Despite the regular flow of bugs and breaches, software overall is getting cleaner and more secure, experts say. But the volume of code is increasing, too.

"We are in face getting better at software security. That's what's subtly happening. The defect density ratio is going down: There are fewer bugs per square inch," says Gary McGraw, CTO of Cigital and one of the founders of BSIMM. "We are still building lots more software, so we have way more square miles of code than ever before."

Have a comment on this story? Please click "Add Your Comment" below. If you'd like to contact Dark Reading's editors directly, send us a message.

Kelly Jackson Higgins is the Executive Editor of Dark Reading. She is an award-winning veteran technology and business journalist with more than two decades of experience in reporting and editing for various publications, including Network Computing, Secure Enterprise ... View Full Bio

Comment  | 
Print  | 
More Insights
Comments
Threaded  |  Newest First  |  Oldest First
macker490
50%
50%
macker490,
User Rank: Ninja
11/16/2012 | 4:52:05 PM
re: Fidelity Invests In Secure Software Development
they will need to do 1 more thing: provide a "Live CD" e.g. Linux/Ubuntu or Chromebook so the user can work from a KNOWN software inventory.

it is essential to secure BOTH ends of the link.

remember: most hacks are from the ENDPOINT,-- using the Endpoint's credentials effected by the use of un-authoriozed program changes into the victim machine.
Don4
50%
50%
Don4,
User Rank: Apprentice
11/17/2012 | 2:54:03 PM
re: Fidelity Invests In Secure Software Development
Adobe is another participant of Cigital's BSIMM.- The benefits appear to be minimal: http://www.darkreading.com/sec...
Why Cyber-Risk Is a C-Suite Issue
Marc Wilczek, Digital Strategist & CIO Advisor,  11/12/2019
Unreasonable Security Best Practices vs. Good Risk Management
Jack Freund, Director, Risk Science at RiskLens,  11/13/2019
Breaches Are Inevitable, So Embrace the Chaos
Ariel Zeitlin, Chief Technology Officer & Co-Founder, Guardicore,  11/13/2019
Register for Dark Reading Newsletters
White Papers
Video
Cartoon Contest
Current Issue
Navigating the Deluge of Security Data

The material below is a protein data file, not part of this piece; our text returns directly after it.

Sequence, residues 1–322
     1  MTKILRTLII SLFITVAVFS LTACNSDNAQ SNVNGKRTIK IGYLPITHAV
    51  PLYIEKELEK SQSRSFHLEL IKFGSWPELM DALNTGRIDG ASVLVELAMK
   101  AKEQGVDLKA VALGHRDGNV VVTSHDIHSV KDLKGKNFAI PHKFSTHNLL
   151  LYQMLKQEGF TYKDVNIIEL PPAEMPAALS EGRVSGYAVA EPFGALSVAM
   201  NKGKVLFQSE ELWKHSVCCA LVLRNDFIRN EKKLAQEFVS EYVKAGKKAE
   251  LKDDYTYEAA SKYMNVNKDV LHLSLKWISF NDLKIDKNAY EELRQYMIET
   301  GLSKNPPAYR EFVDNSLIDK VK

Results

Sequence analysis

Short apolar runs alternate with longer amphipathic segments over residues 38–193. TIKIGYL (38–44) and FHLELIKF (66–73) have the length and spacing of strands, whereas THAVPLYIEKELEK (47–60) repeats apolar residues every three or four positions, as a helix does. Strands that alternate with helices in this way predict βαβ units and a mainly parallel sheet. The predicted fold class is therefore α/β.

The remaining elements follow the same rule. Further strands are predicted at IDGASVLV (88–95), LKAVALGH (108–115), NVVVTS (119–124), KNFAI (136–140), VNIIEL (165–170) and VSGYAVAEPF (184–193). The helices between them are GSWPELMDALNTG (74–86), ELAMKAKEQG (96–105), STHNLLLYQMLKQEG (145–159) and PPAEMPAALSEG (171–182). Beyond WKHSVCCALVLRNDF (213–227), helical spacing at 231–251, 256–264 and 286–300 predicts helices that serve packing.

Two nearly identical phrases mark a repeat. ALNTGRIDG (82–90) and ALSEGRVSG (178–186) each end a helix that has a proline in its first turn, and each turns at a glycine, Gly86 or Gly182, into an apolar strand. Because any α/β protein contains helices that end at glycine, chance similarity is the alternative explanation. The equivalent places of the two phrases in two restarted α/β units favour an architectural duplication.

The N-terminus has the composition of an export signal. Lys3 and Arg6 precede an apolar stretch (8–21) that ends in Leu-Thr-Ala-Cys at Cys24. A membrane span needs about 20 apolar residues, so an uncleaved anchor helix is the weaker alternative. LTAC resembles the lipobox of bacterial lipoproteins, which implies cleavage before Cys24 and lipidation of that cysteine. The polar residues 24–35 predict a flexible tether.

In this Tech Digest, Dark Reading shares the experiences of some top security practitioners as they navigate volumes of security data. We examine some examples of how enterprises can cull this data to find the clues they need.
Flash Poll
Rethinking Enterprise Data Defense
Rethinking Enterprise Data Defense
Frustrated with recurring intrusions and breaches, cybersecurity professionals are questioning some of the industrys conventional wisdom. Heres a look at what theyre thinking about.
Twitter Feed
Dark Reading - Bug Report
Bug Report
Enterprise Vulnerabilities
From DHS/US-CERT's National Vulnerability Database
CVE-2019-19010
PUBLISHED: 2019-11-16
Eval injection in the Math plugin of Limnoria (before 2019.11.09) and Supybot (through 2018-05-09) allows remote unprivileged attackers to disclose information or possibly have unspecified other impact via the calc and icalc IRC commands.
CVE-2019-16761
PUBLISHED: 2019-11-15
A specially crafted Bitcoin script can cause a discrepancy between the specified SLP consensus rules and the validation result of the [email protected] npm package. An attacker could create a specially crafted Bitcoin script in order to cause a hard-fork from the SLP consensus. All versions >1.0...
CVE-2019-16762
PUBLISHED: 2019-11-15
A specially crafted Bitcoin script can cause a discrepancy between the specified SLP consensus rules and the validation result of the slpjs npm package. An attacker could create a specially crafted Bitcoin script in order to cause a hard-fork from the SLP consensus. Affected users can upgrade to any...
CVE-2019-13581
PUBLISHED: 2019-11-15
An issue was discovered in Marvell 88W8688 Wi-Fi firmware before version p52, as used on Tesla Model S/X vehicles manufactured before March 2018, via the Parrot Faurecia Automotive FC6050W module. A heap-based buffer overflow allows remote attackers to cause a denial of service or execute arbitrary ...
CVE-2019-13582
PUBLISHED: 2019-11-15
An issue was discovered in Marvell 88W8688 Wi-Fi firmware before version p52, as used on Tesla Model S/X vehicles manufactured before March 2018, via the Parrot Faurecia Automotive FC6050W module. A stack overflow could lead to denial of service or arbitrary code execution.